For instance, someone may be losing lean mass or gaining too much weight in fat. They may not be getting enough or excess of a macronutrient, which doesn’t allow for a balanced diet. For specific players, we prescribe diets based on body composition. From their lean mass, we are able to estimate one’s resting metabolic rate and calculate an appropriate daily caloric intake. We then can create computer-generated diets and handouts with a shopping list that meets the player’s needs.

Q. What are some guidelines given to players not on specific dietary plans?

A. If a player needs to decrease body fat, we might advise him not to eat after 7 p.m., to increase  fruit and vegetable intake and stay on the lower glycemic carbohydrates as well as other guidelines. There are so many ways to approach cutting calories or changing the diet. In some cases, a player may limit dietary fat to 40 grams/day. We teach him how to read food labels and have handouts with grams of fat in foods so he can keep an accurate daily count.

Our conditioning manual contains caloric diets ranging from 1800–2800 calories per day with the proper macronutrient percentages. This also illustrates a variety of foods and portion sizes. There are all kinds of different methods. Some players are so regimented, they will eat what you tell them for six months and never change. Some need variety.

Q. What about consumption come game or practice time?

A. The biggest factor pre-game or the week before the game is not to be eating a high fat and/or protein diet. This will deplete energy stores as well as cause dehydration. We make sure players consume carbohydrates.

Cold can be an issue. When the weather becomes cooler, players may stop drinking (the process is called cold-induced dehydration). We push them to take the sodium solutions they need since the body passes fluids more readily and they don’t realize the need to continue drinking.

At the end of practice or post game, our fluid intake is a formulation of carbohydrates and protein that have a 3:1 or 4:1 carb to protein ratio in order to replenish glycogen as well as protein synthesis to minimize catabolism (breakdown) during recovery. We usually are giving guys high glycemic treats post practice since insulin is low and we want a boost. As more time passes, post practice, we suggest lower glycemic carbohydrates.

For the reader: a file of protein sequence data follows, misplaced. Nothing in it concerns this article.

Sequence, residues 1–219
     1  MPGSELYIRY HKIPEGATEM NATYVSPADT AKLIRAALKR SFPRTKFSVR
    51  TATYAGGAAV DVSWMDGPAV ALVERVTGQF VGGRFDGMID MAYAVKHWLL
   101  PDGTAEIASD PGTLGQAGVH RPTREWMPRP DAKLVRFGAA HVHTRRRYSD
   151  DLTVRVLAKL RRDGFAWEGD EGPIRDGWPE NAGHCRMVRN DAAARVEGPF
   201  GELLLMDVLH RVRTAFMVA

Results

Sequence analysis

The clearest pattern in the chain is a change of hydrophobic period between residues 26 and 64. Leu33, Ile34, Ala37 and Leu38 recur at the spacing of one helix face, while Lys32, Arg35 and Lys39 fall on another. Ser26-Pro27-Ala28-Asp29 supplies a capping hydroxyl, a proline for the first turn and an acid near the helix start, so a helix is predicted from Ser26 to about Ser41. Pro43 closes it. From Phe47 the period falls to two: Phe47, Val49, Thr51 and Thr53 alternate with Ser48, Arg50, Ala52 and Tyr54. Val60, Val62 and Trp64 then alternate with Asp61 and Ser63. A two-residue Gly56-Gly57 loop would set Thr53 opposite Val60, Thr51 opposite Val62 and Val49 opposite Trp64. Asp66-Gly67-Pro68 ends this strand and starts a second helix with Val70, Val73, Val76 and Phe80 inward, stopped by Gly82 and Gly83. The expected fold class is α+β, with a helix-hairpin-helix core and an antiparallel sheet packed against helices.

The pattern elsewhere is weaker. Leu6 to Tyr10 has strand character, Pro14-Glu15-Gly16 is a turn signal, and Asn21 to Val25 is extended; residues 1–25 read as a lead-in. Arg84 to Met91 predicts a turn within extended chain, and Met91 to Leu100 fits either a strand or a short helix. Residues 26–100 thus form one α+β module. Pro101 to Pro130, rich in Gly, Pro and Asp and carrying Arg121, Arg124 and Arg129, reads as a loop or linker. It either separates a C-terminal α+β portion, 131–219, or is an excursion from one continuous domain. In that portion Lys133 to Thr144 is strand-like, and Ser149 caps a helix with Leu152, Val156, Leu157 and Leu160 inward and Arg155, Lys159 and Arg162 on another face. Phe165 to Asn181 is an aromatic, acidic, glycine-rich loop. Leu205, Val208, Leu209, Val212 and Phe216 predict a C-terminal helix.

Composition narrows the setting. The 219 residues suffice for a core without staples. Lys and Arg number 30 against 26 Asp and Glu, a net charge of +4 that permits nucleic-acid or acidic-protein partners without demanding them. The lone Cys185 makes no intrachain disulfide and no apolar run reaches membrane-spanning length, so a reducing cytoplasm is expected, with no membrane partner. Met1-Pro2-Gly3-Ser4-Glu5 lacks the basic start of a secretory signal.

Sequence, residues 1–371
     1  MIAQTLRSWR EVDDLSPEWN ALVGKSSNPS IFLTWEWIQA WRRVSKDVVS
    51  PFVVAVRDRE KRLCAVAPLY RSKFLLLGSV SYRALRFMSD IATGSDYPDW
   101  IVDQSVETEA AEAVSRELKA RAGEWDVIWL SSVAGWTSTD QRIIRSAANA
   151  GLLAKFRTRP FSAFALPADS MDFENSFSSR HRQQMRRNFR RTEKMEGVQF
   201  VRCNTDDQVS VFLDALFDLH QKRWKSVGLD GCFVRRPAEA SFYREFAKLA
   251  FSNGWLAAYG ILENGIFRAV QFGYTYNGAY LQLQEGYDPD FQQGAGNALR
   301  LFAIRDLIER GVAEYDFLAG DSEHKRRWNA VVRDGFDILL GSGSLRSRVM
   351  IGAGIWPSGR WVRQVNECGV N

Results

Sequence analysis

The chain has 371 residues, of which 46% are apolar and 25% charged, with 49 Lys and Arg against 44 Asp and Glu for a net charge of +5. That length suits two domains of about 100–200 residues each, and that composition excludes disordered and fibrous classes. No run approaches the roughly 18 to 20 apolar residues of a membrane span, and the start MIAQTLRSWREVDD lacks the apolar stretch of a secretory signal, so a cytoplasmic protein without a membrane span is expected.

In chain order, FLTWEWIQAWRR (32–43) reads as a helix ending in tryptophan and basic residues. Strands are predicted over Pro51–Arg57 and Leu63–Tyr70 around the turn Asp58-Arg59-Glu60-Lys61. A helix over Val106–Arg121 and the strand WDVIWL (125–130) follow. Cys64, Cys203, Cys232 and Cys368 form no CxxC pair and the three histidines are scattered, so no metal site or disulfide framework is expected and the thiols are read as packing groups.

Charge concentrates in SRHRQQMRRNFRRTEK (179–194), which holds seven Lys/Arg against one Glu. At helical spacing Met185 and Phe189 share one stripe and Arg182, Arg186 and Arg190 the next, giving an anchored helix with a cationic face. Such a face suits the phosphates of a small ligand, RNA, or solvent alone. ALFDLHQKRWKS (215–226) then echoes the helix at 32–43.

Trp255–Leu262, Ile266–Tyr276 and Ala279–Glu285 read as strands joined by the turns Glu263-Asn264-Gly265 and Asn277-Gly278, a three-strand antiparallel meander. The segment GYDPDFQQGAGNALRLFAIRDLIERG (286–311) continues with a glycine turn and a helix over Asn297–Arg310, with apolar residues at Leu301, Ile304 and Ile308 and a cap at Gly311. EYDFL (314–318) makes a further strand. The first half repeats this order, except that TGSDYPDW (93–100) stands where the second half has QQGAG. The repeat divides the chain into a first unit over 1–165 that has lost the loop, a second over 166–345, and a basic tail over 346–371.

We want players to get carbohydrates and glycogen back from the high intensity experienced. It is hard to get all the carbohydrates just from fruits and vegetables. Players can’t avoid grains. We remind them each week to get their required nutrients.

We know when a player is not getting what he needs. He may be abnormally stiff when stretching, which can be a result of not eating right. He may be lacking sugar in the muscle or is dehydrated. Players run so much in 20 weeks; it makes recovery essential. Guys will break down. Our situation is different from the normal population. We have such intensity through the length of our season that it is crucial to get a recuperative energy source.

Q. What goes into planning an NFL team’s strength program?

A. When working with 60 to 100 players, there must be a solid base program. Our fitness or conditioning regimen encompasses a player’s functional movement and utilizing the Functional Movement Screen [computer modeling of personal movement and size]. We must know if the body is in balance – two main areas prone to imbalance are the shoulders and pelvic girdle. The overall program progression would be the screen, finding areas of restriction, reactive neuromuscular (RNT) training, then improving strength and power. Each player’s program may be different based on our findings. For instance, one may be strong but not powerful. We dissect and do things individually to make the player better, and this includes our running program as well.